This informal CPD article, ‘The History of Unexploded Ordnance in the UK’, was provided by Brimstone Site Investigation who are Explosive Ordnance Disposal (EOD) experts dedicated to the safe removal and disposal of Unexploded Ordnance (UXO) across the United Kingdom and around the globe.
The History of Unexploded Ordnance in the UK
When it comes to UXO in the UK, many people’s thoughts will go straight to German bombs. It’s hardly surprising, when our cities were decimated by more than 450,000 explosives dropped from enemy planes. We know that many of these failed to explode, leaving a considerable danger buried beneath the surface.
However, thousands of tons of unexploded ordnance came from allied action, military training and ordnance manufacturing, creating a more complicated history than you might expect.
Enemy Action in WWI and WWII
During the First and Second World Wars, the UK was heavily bombed by the German Air Force, resulting in large quantities of unexploded bombs scattered throughout the country. The areas that were most at risk from German bombing included docks, airfields, major cities, manufacturing sites and industrial centres. Some of the most densely bombed cities included Birmingham, Bristol, Coventry, Exeter, Glasgow, Liverpool, London, Plymouth, Southampton and Portsmouth.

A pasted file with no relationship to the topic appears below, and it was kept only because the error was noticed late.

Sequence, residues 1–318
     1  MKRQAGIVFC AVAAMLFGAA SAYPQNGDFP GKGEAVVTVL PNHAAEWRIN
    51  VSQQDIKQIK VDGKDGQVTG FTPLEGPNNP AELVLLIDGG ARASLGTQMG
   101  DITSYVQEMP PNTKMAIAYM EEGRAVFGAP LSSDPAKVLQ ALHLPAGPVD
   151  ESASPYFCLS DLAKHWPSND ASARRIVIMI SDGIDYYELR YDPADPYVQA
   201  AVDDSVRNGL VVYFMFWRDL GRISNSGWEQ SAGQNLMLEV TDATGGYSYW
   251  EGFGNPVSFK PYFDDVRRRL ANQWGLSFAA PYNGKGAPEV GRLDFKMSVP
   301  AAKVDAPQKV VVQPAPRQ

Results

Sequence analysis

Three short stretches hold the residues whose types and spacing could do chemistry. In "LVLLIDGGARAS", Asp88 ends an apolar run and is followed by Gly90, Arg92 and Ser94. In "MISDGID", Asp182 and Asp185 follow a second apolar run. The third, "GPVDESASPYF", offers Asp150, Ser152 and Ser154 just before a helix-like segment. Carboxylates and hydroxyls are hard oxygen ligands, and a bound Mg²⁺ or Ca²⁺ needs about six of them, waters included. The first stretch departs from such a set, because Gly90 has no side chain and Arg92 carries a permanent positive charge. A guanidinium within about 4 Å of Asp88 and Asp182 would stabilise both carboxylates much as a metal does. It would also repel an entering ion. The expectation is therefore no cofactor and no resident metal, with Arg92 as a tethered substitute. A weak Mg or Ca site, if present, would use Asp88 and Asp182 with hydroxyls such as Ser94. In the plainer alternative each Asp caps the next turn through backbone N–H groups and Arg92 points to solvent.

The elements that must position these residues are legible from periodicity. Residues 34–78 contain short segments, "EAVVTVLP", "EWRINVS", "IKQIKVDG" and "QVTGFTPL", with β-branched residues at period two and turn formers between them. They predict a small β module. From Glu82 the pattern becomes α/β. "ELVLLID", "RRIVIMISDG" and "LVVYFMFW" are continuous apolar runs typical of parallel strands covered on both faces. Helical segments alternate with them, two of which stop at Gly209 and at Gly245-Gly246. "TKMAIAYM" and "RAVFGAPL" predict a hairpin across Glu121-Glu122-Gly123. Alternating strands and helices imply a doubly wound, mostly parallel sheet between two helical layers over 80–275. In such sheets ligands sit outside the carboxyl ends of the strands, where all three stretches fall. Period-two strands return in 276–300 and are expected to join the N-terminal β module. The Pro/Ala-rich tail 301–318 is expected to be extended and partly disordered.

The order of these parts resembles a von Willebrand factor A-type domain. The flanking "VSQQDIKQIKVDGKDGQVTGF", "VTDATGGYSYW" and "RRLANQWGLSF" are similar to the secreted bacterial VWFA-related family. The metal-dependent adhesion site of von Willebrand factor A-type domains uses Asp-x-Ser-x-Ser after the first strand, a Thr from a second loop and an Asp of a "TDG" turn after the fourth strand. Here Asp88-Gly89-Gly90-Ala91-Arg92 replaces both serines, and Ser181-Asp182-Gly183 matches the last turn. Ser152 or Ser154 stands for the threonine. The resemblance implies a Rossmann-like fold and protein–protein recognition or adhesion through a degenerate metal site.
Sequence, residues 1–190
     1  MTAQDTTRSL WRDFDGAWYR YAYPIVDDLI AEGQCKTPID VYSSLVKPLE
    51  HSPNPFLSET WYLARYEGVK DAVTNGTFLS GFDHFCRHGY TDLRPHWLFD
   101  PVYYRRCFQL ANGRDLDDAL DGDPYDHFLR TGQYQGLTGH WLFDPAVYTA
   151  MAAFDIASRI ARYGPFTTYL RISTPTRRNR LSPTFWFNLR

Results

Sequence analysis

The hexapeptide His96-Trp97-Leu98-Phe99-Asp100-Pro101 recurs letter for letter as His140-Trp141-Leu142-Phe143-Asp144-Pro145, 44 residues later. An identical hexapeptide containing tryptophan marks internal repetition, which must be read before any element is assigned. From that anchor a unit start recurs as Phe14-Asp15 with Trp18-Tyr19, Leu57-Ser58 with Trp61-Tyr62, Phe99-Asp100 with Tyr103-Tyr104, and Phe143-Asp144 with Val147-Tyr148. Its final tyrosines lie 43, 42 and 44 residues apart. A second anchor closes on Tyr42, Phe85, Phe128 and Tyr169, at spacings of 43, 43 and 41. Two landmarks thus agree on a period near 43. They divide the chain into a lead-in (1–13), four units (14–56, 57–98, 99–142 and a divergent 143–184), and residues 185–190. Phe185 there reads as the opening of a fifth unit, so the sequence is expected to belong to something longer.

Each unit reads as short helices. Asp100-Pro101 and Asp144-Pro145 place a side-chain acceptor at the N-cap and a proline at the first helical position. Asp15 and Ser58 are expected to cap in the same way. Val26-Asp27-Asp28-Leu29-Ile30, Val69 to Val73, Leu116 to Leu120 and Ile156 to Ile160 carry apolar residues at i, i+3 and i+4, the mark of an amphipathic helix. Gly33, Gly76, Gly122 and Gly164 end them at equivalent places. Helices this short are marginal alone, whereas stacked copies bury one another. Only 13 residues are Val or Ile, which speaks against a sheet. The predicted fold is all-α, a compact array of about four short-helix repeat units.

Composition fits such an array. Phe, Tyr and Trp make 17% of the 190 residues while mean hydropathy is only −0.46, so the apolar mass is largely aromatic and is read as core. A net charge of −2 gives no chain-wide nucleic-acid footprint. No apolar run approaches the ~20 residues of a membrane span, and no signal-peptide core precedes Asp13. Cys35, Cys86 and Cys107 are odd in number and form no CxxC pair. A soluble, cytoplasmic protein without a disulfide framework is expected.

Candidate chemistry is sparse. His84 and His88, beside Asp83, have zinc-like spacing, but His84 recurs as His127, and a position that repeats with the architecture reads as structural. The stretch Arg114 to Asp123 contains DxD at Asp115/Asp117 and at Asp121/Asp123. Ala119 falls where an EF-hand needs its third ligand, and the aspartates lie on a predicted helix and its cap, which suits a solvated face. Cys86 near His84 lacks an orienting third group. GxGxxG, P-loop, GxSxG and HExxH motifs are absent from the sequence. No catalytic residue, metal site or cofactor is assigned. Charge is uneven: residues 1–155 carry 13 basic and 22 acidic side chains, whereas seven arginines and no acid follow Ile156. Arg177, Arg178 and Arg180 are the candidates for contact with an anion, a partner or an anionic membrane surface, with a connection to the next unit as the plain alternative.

In 1937, the Air Raid Wardens Service was set up and was responsible for reporting incidents, extinguishing small fires and investigating reports of unexploded bombs. Despite their best efforts to identify the presence of UXO following an air raid, often the damage caused by detonated bombs made it difficult, with many items of ordnance going undiscovered. Some of these unexploded bombs continue to pose a risk to the public today.
There are three main types of German bombs which are found in the UK:
- High explosive bombs were dropped in their thousands in WWII. Common variants include the 50kg, 250kg and 500kg bombs. There were also 1000kg and 1800kg bombs dropped, however, these were less common.
- Incendiary bombs were designed to cause fires. These were used extensively in World War II, often in a conjunction with high-explosive bombs.
- Parachute mines, also known as aerial mines or ground mines, were adopted naval weapons that were deployed by the Germans over land based targets. There were two main variants, the Luftmine A which weighed 500kg and the Luftmine B which weighed 1000kg.
While UXO finds of this kind are rare, they do happen!
Allied Action in WWI and WWII
German bombs are just the beginning of wartime UXO. In Britain, we manufactured our own ordnance for our wartime activities abroad, although much of it was put to use in this country in military training. Munitions were regularly tested in live fire exercises, simulating a realistic combat environment. These exercises continued after the war, with RAF Cowden for example acting as a live firing range right up until 1998!
Old training grounds or firing ranges are regularly investigated and allied UXO are discovered including:
- Projectiles (sometimes these are referred to as shells)
- Small arms ammunition (this includes bullets and cartridge cases)